When we began this journey 3 years ago after Ava’s accident, the head surgeon at Cincinnati Children’s informed us in a very serious tone that these kids are not of the “in and out” type. He said that his patients need to be cared for by the team until skeletal maturity. I suppose for a girl would be somewhere in her teenage years. For Ava, at least another 6 years.
The prognosis from yesterday’s appointment was this: wait another year. Tough news to hear. This recommendation came after they had Ava show them her full range of motion and how much strength she had within those various movements.
Boonshoft Museum Of Discovery in Dayton, OH.
It works like this: every appointment, the whole team (like 5-6 of them plus a few students) comes into the room. It gets to be a pretty big party when our whole family is in there too! The head therapist gives Ava a sucker and has her try to hit it here, swing at it there, etc. The therapist and surgeons start using terms like “maybe a 2 for triceps, moderate abduction”, and the nurse, Melissa, is typing furiously on her keyboard. The team has tried the last couple of times to get a feel for sensation in the different areas of her hand, but Ava doesn’t cooperate with that at all.
After their observations, they recommended waiting another year. I think they know me well enough by now, to know I wasn’t going to start packing our things up and allow them to leave the room so quickly. I think they secretly refer to me in the hallway as the “Million Questions Mom”.
I wanted details about what things are likely in store, and when these things will happen. They told me they normally wait 4 years after the initial surgery with babies, and may wait five years with Ava since she was older at the time of her nerve transfers, and her nerves have to regenerate across a greater distance. At that point, they anticipate 3 procedures. They said they haven’t for sure decided yet if they prefer them done in one day or at separate times, but another year of operating and they think they will know what is best for Ava.
The first is a forearm osteotomy which involves cutting one or both of her bones in her forearm and resetting the starting point from which she pronates or supinates(like rotating her forearm upside down and right side up). She wouldn’t get more range of motion, just a new starting point — that is why I am always stretching this muscle, even in public. I don’t want her to even lose half an inch of rotation. Her supinators have kicked in big time and overpower her pronators so, right now, her right hand is always palm up. We live in a pronated, palm -down world when one considers driving, deskwork, anything. Risks with this operation are high for infection, and if done too early, the resetting can be “outgrown”.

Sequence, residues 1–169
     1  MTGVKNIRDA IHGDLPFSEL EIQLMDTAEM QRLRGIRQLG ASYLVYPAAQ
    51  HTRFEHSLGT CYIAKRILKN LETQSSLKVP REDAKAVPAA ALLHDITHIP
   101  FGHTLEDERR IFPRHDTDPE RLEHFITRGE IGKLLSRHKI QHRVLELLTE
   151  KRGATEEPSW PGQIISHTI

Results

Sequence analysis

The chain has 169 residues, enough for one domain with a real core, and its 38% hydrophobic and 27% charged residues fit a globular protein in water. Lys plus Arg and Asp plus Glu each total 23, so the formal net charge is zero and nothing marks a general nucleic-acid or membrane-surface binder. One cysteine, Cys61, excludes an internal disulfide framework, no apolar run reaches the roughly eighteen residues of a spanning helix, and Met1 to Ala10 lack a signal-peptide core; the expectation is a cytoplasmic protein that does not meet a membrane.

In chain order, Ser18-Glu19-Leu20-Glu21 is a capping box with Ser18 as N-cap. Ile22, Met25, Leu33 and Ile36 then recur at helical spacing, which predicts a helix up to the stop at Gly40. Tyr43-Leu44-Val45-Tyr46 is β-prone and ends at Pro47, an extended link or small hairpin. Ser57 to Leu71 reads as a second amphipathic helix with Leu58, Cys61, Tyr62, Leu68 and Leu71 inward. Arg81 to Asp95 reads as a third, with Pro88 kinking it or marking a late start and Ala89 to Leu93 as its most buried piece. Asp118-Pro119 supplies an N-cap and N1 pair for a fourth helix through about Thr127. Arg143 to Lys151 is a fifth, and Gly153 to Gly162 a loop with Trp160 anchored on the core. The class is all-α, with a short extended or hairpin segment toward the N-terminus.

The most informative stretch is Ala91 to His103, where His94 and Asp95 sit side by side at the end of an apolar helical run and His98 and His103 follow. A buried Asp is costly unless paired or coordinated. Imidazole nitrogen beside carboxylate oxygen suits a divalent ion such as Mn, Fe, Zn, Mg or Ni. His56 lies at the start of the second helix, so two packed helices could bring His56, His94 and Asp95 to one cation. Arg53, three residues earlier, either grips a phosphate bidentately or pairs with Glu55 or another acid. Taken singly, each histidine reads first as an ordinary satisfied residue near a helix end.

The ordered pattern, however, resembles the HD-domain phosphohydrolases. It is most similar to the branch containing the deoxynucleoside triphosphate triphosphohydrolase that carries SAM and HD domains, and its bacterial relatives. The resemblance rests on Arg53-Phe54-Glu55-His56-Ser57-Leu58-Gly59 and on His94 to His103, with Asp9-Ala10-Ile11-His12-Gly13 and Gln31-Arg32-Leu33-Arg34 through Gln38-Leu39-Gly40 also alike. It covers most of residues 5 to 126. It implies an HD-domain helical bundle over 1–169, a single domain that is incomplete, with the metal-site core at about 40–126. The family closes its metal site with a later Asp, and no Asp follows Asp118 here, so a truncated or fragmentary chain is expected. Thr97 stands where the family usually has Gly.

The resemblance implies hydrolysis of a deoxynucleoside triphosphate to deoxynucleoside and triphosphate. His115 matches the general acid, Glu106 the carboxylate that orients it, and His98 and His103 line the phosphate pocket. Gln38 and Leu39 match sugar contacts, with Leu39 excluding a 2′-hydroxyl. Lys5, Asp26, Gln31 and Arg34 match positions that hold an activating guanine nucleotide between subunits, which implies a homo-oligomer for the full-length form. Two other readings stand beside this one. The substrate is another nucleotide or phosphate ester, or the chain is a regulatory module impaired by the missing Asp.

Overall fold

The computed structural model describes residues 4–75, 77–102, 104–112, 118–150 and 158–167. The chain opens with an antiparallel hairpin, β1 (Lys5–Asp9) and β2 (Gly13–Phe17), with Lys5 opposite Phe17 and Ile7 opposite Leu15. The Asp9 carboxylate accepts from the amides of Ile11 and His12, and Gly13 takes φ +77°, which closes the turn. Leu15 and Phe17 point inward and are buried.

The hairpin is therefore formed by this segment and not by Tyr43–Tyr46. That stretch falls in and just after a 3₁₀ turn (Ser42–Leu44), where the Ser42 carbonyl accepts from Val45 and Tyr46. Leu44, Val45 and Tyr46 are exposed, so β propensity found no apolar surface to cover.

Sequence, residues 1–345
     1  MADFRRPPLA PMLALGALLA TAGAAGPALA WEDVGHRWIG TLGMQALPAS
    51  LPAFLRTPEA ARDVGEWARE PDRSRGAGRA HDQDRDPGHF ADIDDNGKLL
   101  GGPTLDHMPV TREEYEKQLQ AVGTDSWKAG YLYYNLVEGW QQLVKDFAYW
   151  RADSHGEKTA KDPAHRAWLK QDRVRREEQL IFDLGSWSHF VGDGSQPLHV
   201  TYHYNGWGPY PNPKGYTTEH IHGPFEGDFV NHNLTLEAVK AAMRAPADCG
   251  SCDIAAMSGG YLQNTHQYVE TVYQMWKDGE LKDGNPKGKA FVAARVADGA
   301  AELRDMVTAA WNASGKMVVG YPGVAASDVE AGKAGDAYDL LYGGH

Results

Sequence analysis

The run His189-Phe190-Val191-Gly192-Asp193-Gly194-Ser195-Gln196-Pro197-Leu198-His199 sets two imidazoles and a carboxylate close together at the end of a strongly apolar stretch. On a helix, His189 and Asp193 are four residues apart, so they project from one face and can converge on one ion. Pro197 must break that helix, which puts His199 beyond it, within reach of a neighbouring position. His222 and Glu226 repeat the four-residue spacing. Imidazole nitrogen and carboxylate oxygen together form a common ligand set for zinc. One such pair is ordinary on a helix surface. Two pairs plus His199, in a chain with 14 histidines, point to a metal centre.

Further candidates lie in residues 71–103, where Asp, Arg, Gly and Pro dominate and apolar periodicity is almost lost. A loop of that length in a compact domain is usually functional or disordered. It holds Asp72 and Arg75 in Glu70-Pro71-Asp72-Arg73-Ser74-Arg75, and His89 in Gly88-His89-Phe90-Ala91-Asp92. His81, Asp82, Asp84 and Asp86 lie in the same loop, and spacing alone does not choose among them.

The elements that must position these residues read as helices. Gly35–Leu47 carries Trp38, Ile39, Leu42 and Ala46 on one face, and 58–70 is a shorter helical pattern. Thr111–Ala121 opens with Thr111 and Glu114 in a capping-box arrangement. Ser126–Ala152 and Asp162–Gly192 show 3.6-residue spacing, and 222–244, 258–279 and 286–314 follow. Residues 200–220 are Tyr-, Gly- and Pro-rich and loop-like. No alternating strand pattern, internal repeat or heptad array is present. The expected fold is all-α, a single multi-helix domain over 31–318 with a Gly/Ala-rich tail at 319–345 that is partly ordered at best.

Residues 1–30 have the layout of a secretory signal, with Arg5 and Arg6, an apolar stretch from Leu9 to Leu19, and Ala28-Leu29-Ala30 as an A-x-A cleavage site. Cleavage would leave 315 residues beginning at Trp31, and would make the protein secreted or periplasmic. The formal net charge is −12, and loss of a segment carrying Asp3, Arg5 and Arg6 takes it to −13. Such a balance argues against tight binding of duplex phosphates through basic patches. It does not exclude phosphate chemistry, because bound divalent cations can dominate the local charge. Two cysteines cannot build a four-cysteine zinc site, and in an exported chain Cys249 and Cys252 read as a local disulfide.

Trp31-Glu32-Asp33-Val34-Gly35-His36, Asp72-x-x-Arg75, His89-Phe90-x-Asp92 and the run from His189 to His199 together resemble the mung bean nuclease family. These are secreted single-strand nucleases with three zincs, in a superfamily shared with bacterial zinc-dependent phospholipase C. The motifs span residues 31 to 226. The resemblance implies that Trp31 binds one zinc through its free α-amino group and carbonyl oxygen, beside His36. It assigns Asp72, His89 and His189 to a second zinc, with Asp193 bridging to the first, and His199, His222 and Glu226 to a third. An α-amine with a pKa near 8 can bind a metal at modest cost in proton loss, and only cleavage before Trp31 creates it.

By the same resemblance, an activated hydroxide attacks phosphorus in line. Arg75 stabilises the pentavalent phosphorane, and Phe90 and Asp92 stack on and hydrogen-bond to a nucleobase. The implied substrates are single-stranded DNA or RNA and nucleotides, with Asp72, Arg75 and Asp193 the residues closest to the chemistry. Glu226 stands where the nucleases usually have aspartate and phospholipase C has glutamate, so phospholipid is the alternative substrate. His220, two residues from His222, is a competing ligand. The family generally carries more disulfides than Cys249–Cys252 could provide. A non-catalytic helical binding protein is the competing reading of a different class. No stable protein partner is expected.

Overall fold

Second is a Green transfer. I guess the neat thing about inventing a surgery is that it may be named after you! The Green transfer would hopefully provide her with wrist extension. That means the ability, if her arm is resting on a table, to draw the hand up against gravity. Currently, Ava has no need for this ability as gravity naturally extends her wrist, but if she had the osteotomy, she would really need this. Lastly, the Zancolli procedure is a tendon transfer to also help with pronation and maybe finger flexion. I have lots of reading and researching ahead of me!
To be honest, part of me wants to contact Mayo and Wash U in St. Louis (two places we initially visited but decided against in favor of Cincinnati Children’s) and visit with their hand surgeons again for better options or at least reassurance we are on the right track. I honestly think if I quit being in contact with our team in Cincinnati that I would walk into my home sometime and they would all be sitting around my dining room table, ha reminding me of the importance of following through with them, not just for Ava’s sake, but for future patients that have traumatic brachial plexus injuries! I do feel in my heart that I can be confident in our current team, but I don’t like the idea of missing anything.
Carol Ann’s Carousel in downtown Cincinnati.
The head surgeon when we began this journey was Dr. Yakuboff. He has since retired and I miss him. The team now laughs that retiring was the hardest thing he ever did. I guess when he started cutting back on his hours at Children’s that he couldn’t help but to spend those extra hours volunteering at the Shriner’s hospital with burn victims and brachial plexus kiddos. I am certain he remembers Ava but doubt that he remembers the exact conversation when informed me that this recovery would take years and years. I think I should send him a card with a photo so he can see her progress. It can be hard for me to see in the day-to-day how far she has come, but I am sure it would make him smile to see her now.